In 2019, Cops Arrested More People For Possessing A Plant Than All Violent Crime Combined
In the United States, cannabis is legal for recreational use in 11 states while 33 other states allow some form of medical use. One would think that with this widespread legalization, which seems to be speeding up, that police officers would start concentrating their efforts elsewhere and arrest actual criminals who hurt people — not kidnap and cage innocent people for using a plant. Sadly, however, the incentives for arresting cannabis users are too addictive and the police state marches on, laying waste to all the lives it touches along the way.
Illustrating this utter insanity, and showing why the United States has the largest prison population in the world, is the fact that in 2019 more people were arrested for cannabis than all violent crimes—combined.
According to the recently released Uniform Crime Report police arrested 545,602 people for cannabis related crimes in 2019. That arrest rate is 9% higher than the 495,871 people arrested for violent crimes the same year.
As Forbes points out, cops aren’t arresting cannabis kingpins with thousands of pounds of pot, they like to prey on the little people, known to cops as the low hanging fruit.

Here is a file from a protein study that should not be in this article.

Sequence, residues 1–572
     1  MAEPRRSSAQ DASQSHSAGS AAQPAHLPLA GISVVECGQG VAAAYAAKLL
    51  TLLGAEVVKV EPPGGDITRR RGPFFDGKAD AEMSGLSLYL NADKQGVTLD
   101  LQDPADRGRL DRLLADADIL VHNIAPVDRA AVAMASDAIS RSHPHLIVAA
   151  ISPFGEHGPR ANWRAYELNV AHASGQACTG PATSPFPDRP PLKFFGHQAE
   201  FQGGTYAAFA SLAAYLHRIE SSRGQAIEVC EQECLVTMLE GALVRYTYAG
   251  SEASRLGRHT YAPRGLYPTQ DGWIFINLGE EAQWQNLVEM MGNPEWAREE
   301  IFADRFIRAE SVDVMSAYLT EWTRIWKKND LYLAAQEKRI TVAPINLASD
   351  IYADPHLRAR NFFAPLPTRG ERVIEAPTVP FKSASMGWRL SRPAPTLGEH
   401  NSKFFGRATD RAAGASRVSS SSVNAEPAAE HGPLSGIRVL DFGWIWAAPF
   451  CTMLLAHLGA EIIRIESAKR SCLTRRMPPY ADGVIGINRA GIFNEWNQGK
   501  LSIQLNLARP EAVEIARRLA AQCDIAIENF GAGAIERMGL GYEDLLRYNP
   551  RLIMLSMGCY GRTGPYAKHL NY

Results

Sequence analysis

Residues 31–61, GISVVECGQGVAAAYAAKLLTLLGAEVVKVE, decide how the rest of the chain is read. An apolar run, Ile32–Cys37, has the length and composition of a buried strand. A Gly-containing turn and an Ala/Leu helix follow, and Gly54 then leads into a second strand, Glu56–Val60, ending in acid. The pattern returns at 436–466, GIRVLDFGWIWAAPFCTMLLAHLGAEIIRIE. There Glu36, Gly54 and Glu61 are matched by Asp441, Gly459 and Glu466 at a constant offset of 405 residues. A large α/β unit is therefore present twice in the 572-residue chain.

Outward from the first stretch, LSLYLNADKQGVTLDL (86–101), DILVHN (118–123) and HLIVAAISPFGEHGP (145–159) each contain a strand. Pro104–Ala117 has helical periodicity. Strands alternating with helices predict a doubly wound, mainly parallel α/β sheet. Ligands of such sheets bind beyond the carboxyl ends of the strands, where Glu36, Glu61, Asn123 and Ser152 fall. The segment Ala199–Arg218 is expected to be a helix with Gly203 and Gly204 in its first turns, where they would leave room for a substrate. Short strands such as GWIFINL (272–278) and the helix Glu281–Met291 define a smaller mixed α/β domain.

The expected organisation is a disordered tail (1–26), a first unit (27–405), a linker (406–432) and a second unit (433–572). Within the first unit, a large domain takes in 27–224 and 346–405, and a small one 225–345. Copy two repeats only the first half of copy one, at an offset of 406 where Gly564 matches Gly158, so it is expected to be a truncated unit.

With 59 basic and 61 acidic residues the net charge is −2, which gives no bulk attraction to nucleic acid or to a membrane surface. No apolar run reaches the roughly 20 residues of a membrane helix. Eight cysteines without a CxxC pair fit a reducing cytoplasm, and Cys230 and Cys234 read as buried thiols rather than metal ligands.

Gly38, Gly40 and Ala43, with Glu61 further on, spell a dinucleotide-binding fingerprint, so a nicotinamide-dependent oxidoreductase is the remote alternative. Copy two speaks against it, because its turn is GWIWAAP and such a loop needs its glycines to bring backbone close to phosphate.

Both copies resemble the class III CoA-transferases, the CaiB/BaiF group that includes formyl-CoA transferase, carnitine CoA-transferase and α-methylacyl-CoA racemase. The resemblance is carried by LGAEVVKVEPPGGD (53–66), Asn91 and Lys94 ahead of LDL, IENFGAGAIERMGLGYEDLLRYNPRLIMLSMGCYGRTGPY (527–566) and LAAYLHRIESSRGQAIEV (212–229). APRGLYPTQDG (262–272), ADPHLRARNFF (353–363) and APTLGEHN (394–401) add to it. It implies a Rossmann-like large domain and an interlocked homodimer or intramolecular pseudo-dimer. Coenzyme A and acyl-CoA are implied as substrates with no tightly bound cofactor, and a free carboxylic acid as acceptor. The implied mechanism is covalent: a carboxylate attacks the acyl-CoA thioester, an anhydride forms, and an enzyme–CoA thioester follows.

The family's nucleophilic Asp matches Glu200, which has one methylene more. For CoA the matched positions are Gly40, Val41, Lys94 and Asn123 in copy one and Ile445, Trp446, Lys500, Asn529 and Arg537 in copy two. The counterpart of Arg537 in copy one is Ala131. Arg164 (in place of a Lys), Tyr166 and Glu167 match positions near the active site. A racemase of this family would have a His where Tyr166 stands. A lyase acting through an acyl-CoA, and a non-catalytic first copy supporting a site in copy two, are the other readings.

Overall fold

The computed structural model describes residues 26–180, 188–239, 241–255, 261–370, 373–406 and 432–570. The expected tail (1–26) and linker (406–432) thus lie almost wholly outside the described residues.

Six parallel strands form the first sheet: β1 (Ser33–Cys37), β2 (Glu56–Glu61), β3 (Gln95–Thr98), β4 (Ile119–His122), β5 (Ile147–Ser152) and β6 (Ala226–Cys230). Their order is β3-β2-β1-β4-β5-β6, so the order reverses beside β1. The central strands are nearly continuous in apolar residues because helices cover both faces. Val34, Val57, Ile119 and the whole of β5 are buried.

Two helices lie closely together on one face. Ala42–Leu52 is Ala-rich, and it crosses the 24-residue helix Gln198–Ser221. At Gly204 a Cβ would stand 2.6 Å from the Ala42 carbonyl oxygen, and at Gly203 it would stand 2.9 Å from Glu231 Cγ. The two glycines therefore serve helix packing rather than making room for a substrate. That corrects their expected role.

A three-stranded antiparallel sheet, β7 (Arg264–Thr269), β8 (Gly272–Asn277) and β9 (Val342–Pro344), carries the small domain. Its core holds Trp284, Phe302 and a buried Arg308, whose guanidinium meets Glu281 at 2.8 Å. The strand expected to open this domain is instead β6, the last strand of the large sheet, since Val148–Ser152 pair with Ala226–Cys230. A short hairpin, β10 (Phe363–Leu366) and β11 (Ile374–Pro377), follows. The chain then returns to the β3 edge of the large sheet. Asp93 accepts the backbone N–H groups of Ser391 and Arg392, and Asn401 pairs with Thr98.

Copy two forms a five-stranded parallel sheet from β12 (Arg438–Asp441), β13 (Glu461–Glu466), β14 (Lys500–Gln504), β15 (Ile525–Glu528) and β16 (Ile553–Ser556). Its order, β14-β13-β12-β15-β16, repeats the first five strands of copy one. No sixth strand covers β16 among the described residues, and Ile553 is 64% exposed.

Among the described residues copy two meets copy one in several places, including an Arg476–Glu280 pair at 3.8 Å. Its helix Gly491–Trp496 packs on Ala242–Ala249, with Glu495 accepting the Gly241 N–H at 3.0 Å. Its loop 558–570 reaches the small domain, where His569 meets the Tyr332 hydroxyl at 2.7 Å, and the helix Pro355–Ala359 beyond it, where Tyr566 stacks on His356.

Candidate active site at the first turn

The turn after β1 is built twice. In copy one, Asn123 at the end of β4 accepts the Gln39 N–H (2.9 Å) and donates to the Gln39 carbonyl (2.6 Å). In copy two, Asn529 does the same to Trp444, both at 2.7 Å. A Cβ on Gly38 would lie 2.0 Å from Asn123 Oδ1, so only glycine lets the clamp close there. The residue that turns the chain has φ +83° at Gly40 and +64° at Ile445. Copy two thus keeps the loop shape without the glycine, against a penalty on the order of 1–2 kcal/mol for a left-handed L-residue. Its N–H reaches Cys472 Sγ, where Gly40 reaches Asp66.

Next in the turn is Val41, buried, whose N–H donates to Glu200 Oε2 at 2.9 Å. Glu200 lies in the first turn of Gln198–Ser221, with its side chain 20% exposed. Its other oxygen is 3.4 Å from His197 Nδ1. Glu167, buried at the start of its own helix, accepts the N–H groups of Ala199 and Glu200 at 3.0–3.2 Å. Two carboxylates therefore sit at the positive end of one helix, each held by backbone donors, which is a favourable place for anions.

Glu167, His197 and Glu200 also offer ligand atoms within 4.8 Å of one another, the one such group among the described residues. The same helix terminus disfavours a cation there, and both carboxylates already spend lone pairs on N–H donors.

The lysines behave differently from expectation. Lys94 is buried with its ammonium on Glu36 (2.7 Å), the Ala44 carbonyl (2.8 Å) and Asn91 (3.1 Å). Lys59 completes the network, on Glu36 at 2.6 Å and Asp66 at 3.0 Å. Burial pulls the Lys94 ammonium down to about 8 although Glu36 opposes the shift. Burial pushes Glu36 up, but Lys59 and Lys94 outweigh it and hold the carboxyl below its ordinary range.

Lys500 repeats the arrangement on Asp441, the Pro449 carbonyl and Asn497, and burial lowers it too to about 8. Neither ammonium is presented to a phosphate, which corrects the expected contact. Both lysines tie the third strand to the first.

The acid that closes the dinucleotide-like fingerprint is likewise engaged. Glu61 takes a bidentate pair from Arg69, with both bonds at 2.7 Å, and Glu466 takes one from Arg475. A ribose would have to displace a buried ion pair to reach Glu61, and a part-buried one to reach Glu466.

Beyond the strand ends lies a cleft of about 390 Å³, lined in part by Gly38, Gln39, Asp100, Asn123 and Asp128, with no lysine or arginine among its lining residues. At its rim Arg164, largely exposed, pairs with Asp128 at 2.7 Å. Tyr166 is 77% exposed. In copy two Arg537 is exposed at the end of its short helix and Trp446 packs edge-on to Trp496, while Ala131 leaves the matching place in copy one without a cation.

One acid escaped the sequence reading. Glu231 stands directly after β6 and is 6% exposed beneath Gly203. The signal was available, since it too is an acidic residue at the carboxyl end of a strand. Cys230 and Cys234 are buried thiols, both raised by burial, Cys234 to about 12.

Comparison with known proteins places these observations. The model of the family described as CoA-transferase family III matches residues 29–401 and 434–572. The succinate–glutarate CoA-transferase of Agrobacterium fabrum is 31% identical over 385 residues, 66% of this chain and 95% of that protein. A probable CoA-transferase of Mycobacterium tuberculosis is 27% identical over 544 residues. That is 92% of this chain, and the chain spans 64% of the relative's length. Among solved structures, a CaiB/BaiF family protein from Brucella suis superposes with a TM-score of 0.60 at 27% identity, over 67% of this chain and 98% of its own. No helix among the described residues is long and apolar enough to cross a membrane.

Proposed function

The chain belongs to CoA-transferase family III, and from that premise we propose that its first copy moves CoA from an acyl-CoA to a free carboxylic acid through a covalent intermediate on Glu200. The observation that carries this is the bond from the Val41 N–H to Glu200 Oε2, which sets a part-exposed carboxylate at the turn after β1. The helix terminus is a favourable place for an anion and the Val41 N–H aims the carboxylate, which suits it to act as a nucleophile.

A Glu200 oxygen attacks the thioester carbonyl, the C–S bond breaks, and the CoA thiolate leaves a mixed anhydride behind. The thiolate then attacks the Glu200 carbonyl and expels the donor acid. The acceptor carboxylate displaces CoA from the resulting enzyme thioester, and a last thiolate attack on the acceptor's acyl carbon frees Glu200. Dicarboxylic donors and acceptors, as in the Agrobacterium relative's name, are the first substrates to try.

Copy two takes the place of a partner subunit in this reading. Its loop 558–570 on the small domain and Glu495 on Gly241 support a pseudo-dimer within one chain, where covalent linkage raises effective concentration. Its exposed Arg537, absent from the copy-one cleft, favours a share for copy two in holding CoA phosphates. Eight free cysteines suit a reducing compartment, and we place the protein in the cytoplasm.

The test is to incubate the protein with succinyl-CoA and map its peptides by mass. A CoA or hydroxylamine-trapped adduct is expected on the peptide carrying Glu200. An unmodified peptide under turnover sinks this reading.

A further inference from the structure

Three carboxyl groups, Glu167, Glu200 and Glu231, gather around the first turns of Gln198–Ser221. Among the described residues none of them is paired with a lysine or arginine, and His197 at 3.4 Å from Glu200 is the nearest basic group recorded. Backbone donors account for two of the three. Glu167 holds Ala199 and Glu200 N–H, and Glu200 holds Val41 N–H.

The vast majority of these arrests (92%) were for simple possession of the drug. 500,395 of those arrested for cannabis were simply found in possession of cannabis. Even if we take out all the arrests for being involved in unregulated cannabis commerce and just focus on arrests for cannabis possession, the numbers still outpace arrests for violent crimes.
“Police across America make a marijuana-related arrest every 58 seconds,” explains Erik Altieri, the Executive Director for cannabis advocacy group NORML. “At a time when the overwhelming majority of Americans want cannabis to be legal and regulated, it is an outrage that many police departments across the country continue to waste tax dollars and limited law enforcement resources on arresting otherwise law-abiding citizens for simple marijuana possession.”
On top of the fact that kidnapping and caging people for a plant that heals and helps them is utterly inhumane — it’s also racist. According to the ACLU, black people are nearly 400% more likely to be arrested for pot despite similar usage rates to whites. The report from the ACLU also shows that in some states, like Montana and Kentucky, black people are arrested for weed nearly 10 times as often as white people, and in some counties, blacks were 50 times more likely to be arrested.
Sadly, the overwhelming majority of protests happening about police reform in America right now are silent about these facts. If we truly want to stop racist policing, we can eliminate a massive chunk of it literally overnight by telling our employees, police officers, to stop arresting people for arbitrary substances deemed illegal by the state.
In America, the area of government that is most responsible for maintaining a racist system, allowing racist actors to oppress their targets with impunity, and perpetuating the suffering and plight of millions through the persecution of morally innocent individuals — is the war on drugs.